I found space challenging while making these. I needed enough room to pipe out several sheets of macarons and let them stick around on my kitchen island and counters for drying out, and I say this with a kitchen on the larger side. You can't just leave macaron batter sitting in a bowl for a long time. The meringue's weight will collapse onto itself, this taking away the batter's texture quality, so it all needs to be piped onto parchment sheets or silmats right away.

The first batch had some cracked results, but they came out with a great flavor and I had absolutely no problem with any of the batches sticking to my parchment paper. They came off effortlessly and cleanly. I guess I can be proud of such an outcome since stickiness is a common complaint for many domestic, would-be macaron masters.

Anyway, the following batches were smoother results with clean tops and a nice eggshell coloring that varied only slightly between each macaron coque (coque is the word for the macaron shells). In utter baker's joy, I was able to see the development of little feet on each macaron and they all had that distinctive texture combination of crispy outer shell and chewy, rich center. That's just how I like them.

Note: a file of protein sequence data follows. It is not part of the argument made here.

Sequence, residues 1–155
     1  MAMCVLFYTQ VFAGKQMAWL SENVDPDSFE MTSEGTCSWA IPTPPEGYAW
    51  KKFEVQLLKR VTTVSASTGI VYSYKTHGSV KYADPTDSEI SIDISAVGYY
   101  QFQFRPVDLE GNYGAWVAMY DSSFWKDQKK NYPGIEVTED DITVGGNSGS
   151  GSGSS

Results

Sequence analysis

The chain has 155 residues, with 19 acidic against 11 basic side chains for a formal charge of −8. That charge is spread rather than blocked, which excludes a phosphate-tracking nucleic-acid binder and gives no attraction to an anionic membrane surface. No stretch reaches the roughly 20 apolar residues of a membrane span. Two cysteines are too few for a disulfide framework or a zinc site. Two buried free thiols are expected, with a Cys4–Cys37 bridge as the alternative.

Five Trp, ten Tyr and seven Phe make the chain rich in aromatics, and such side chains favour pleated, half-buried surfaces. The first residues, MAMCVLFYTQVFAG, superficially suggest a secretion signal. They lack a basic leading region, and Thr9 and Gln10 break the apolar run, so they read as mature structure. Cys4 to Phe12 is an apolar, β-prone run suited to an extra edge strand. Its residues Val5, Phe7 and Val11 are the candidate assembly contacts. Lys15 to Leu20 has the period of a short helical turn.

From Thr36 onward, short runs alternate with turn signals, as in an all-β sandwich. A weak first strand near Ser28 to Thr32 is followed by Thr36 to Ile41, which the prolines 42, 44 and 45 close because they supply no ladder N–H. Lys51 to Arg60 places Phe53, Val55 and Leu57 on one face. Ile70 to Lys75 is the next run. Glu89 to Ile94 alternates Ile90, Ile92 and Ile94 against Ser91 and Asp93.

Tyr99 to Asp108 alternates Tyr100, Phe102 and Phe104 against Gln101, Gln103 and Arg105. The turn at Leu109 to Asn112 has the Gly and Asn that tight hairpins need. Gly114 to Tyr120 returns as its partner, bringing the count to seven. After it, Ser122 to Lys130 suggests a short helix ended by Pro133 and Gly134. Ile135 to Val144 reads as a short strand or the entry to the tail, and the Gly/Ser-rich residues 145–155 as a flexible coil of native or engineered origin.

I will be making more macarons this weekend as I had tons of fun making these and my addiction for them has increased (if you can believe it), so there will be more photos. The batches I made are already gone! Everyone loved them.

Here is the recipe for the vanilla macarons:

Vanilla Macarons with Beurre Noisette Buttercream 


2 cups of almond flour
2 cups of powdered sugar
6 egg whites (room temperature)
1 cup of baker's sugar (super fine white sugar)
1 tablespoon of vanilla bean paste / vanilla extract 

  1. Crack 6 eggs and separate the whites. Leave egg whites out to reach room temperature. They can be left out just until they reach room temp., overnight, or for a day. Keep them covered if they are left out for a longer time period.
  2. Blend the almond flour and powdered sugar into a food processor for a few pulses or use a whisk by hand in a bowl. (I did the latter until there were no clumps and disparate spots in the dry mix)

  1. Use a metal or glass bowl to begin beating your egg whites. Beat until soft peak stage and then slowly add in the baker's sugar.

  1. Add the vanilla bean paste or extract and continue to beat the egg whites until the meringue forms stiff peaks.